|Publication number||US5140906 A|
|Application number||US 07/788,046|
|Publication date||Aug 25, 1992|
|Filing date||Nov 5, 1991|
|Priority date||Nov 5, 1991|
|Publication number||07788046, 788046, US 5140906 A, US 5140906A, US-A-5140906, US5140906 A, US5140906A|
|Inventors||J. Little II David|
|Original Assignee||Ici Americas, Inc.|
|Export Citation||BiBTeX, EndNote, RefMan|
|Patent Citations (17), Referenced by (109), Classifications (13), Legal Events (4)|
|External Links: USPTO, USPTO Assignment, Espacenet|
This invention relates to pyrotechnic devices, and more particularly to improvements in igniters for use in automotive air bag systems.
A typical air bag igniter is an electroexplosive device used to initiate a sodium azide-based propellant charge for inflation of the air bag. The igniter generally comprises an initiator charge which is in direct contact with a bridgewire. The bridgewire is connected between two contacts which are connectable to a firing circuit. When the bridge wire is electrically heated, it ignites the initiator charge. An output charge or "booster" charge, ignitable by the initiator charge, may be used to effect quick ignition of the sodium azide-based propellant without damaging the propellant grains.
Electrical connections are typically made to the firing circuit respectively from the initiator case and from a central conductor which is in coaxial relationship with the case and extends into the case through an insulator. Devices using this form of electrical connection are known as "coaxial" devices. Alternatively, electrical connections can be made through a pair of parallel, spaced conductors both of which extend into the interior of the initiator case through an insulator. Devices having this form of electrical connection are known as "twinaxial" devices.
In one form of igniter, the initiator charge is contained in an inner case, while the output charge is contained in a surrounding outer case connected electrically to the inner case. This provides a self-contained igniter unit containing both the initiator charge and the booster charge.
One of the problems encountered in the manufacture, installation and use of airbag igniters is the problem of protection against accidental ignition resulting from static electricity. A substantial static charge can accumulate on a worker's body, for example by the rubbing of leather soles of the worker's shoes on a nylon carpet. This accumulated static charge can be discharged as a spark through the initiator material in an igniter, from the case to the firing circuit, when the igniter is touched, or when an ungrounded conductor in contact with the igniter is touched.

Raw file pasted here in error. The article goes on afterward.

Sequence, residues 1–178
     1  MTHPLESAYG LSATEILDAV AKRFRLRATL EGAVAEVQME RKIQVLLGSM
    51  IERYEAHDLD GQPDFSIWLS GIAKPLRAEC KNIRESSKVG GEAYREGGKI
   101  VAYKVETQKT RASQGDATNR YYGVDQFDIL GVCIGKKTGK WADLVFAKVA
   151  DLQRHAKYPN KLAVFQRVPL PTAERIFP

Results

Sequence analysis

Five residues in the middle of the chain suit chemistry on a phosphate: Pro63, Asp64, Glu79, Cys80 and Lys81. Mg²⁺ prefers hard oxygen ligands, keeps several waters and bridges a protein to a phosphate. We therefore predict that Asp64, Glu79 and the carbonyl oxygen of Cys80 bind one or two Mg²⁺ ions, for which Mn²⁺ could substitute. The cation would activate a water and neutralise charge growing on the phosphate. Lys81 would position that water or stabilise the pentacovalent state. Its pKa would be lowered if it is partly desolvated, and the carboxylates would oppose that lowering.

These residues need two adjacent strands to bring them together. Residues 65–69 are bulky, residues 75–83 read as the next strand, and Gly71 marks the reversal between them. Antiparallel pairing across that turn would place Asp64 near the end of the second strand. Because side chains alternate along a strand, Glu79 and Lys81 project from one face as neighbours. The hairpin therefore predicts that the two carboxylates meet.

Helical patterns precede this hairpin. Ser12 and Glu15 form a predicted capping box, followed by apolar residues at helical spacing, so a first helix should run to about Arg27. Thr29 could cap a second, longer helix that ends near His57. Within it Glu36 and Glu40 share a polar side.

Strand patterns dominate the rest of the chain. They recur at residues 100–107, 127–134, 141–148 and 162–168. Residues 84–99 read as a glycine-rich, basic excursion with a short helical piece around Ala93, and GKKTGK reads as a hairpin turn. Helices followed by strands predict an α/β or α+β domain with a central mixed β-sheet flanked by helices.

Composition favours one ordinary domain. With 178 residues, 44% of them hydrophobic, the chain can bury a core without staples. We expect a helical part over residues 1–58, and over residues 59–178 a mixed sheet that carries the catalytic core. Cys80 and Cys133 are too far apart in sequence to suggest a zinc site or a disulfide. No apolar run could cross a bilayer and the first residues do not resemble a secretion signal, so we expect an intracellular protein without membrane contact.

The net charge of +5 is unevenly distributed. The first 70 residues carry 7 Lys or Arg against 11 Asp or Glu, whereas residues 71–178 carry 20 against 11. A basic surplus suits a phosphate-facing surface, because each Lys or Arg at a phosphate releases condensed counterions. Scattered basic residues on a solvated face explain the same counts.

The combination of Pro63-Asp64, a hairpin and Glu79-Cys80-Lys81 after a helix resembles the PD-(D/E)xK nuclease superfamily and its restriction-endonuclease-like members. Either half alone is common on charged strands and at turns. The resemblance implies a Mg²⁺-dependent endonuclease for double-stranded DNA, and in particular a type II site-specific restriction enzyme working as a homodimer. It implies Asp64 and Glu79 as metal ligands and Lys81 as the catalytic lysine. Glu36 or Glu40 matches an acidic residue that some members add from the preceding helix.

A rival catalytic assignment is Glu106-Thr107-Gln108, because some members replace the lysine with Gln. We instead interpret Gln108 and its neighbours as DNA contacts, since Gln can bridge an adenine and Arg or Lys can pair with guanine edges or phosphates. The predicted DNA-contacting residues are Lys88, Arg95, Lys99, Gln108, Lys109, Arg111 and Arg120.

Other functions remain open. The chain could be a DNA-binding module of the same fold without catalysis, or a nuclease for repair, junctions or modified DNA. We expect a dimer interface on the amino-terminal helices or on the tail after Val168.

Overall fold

To prevent unintended ignition from occurring as a result of static discharge through the pyrotechnic material in the igniter, the case of the igniter may be connected electrically to the firing circuit. This allows the energy of the static charge to be dissipated in a low resistance connection, through the firing circuit, from the igniter case to the automobile body. In a coaxial device, the initiator case is normally connected to the firing circuit. In one form of twinaxial device, one of the two parallel conductors is connected electrically to the initiator case in order to provide a path for dissipation of static energy through the firing circuit. Alternatively, a spark gap may be provided between the case and one of the conductors to allow discharge of static electricity through the spark gap rather than through the pyrotechnic charge.
Preferably, in a device in which the igniter case is electrically connected to the firing circuit, the igniter case is designed so that it does not directly contact the automobile body. For example, the case may be provided with a non-conductive cover made of a plastics material. In the case of a single pole-switched firing circuit, this construction eliminates the possibility of a short circuit if the polarity of the D.C. supply to the firing circuit is accidentally reversed. It also eliminates the possibility of accidental firing, which could occur if the firing circuit supply polarity is reversed, the output leads of the firing circuit are also accidentally interchanged, and the case of the igniter touches the automobile body. Isolation of the case from the automobile body also makes it possible to use a two pole-switched firing circuit.
Constructing the device in such a way as to isolate the igniter case from the automobile body introduces the possibility of leak paths for high pressure gas generated by the propellant. Production of the plastic-covered case also requires an expensive insert molding operation.
Among the objects of this invention are the provision of a simple and easily manufactured form of igniter; inherent protection against accidental firing as a result of static discharge; prevention of unintended firing due to wiring errors; easy mounting; high structural strength; prevention of gas leakage through the igniter; and applicability both to coaxial and twinaxial igniters.